NPR Wonders If Dooney's Saggin' Pants Rap is Also Homophobic. Um, Well ...
Dooney da Priest is about to become the most famous rapper ever to come straight outta Dallas, at least to the public-radio audience. For the second time in a week, National Public Radio is talking about Dooney's "Pull Your Pants Up" -- this time, on The Bryant Park Project co-hosted by former MTV-jay Alison Stewart and Luke Burbank (and isn't he a newscaster on The Simpsons?). Seems that after its first airing on NPR earlier this week, folks started figuring out what the song's really about: shaming dudes into pulling up their saggin' pants because, well, if they don't, they must be gay. First line of the song, after all, is, "Be a real man." And later, Dooney raps, "You walk the streets with your pants way down low/I don't know/Looks to me like you're on the down low."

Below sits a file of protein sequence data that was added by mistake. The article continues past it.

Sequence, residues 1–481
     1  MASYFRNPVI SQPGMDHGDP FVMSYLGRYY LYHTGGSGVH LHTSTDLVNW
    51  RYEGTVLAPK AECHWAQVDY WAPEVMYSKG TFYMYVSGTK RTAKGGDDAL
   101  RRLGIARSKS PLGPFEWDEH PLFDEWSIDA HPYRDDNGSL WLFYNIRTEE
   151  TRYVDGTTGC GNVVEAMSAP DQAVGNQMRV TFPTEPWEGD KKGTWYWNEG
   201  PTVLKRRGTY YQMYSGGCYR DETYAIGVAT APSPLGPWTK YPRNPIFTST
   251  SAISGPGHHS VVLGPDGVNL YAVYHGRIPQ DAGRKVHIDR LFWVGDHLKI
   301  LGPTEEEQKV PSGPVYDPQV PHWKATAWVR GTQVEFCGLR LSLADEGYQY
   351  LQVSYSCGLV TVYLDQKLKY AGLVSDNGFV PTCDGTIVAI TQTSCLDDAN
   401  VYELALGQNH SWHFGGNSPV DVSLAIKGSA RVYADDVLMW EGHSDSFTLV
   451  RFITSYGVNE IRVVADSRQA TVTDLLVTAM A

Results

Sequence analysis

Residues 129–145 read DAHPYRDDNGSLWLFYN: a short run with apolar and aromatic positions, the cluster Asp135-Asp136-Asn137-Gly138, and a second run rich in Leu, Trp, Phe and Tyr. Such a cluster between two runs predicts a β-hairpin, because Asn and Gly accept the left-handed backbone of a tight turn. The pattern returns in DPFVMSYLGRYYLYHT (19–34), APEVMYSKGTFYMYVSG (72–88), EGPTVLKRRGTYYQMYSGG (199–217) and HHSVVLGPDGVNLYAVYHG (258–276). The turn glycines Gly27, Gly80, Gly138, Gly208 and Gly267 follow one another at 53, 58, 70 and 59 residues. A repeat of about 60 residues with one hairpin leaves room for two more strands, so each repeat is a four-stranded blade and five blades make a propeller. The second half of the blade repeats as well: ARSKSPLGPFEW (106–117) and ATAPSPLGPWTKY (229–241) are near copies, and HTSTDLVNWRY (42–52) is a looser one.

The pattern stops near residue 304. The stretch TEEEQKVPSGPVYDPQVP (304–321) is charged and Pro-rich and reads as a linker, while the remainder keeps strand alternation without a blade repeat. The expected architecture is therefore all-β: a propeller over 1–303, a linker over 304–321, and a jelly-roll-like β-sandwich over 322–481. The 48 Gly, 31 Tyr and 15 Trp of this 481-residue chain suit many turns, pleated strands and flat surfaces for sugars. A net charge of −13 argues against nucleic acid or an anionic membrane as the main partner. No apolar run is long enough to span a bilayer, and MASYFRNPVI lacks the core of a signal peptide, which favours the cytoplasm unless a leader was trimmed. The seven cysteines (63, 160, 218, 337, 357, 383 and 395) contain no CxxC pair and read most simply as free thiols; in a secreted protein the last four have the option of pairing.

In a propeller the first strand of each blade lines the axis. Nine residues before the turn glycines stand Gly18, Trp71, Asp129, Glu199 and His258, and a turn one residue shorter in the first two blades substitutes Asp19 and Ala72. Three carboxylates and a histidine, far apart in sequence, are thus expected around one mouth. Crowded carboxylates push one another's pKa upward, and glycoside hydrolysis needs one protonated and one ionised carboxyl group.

While I just wrote it off as a lazy rap -- really, rhyming "low" with "low" is not all that hard -- Mark Anthony Neal, professor of black popular culture in the Department of African American Studies at Duke University, says it's much more. "Even gay men in hip-hop put on the uniform of hypermasculinity," says the author of such books as What the Music Said: Black Popular Music and Black Public Culture and Soul Babies: Black Popular Culture and the Post-Soul Aesthetic. And Neal says a song like this one, which "shames" men into pulling up their pants, will "hit some guys a little hard." You can almost hear him giggle a little when he says that too. Listen to the piece in its entirety. --Robert Wilonsky
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